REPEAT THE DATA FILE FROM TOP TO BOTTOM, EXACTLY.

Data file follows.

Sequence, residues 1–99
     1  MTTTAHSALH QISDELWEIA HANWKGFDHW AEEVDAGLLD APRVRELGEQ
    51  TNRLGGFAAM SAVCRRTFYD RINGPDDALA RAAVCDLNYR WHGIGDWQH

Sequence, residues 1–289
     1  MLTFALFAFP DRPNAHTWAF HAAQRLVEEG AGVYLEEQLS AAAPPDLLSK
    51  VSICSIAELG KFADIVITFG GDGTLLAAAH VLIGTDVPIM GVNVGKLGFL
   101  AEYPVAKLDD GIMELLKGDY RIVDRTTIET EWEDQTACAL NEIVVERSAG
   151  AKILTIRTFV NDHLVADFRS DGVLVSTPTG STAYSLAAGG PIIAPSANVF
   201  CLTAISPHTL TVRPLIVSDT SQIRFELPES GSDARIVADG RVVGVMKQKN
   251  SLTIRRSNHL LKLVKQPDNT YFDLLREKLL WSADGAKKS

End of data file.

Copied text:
Sequence, residues 1–99
     1  MTTTAHSALH QISDELWEIA HANWKGFDHW AEEVDAGLLD APRVRELGEQ
    51  TNRLGGFAAM SAVCRRTFYD RINGPDDALA RAAVCDLNYR WHGIGDWQH

Sequence, residues 1–289
     1  MLTFALFAFP DRPNAHTWAF HAAQRLVEEG AGVYLEEQLS AAAPPDLLSK
    51  VSICSIAELG KFADIVITFG GDGTLLAAAH VLIGTDVPIM GVNVGKLGFL
   101  AEYPVAKLDD GIMELLKGDY RIVDRTTIET EWEDQTACAL NEIVVERSAG
   151  AKILTIRTFV NDHLVADFRS DGVLVSTPTG STAYSLAAGG PIIAPSANVF
   201  CLTAISPHTL TVRPLIVSDT SQIRFELPES GSDARIVADG RVVGVMKQKN
   251  SLTIRRSNHL LKLVKQPDNT YFDLLREKLL WSADGAKKS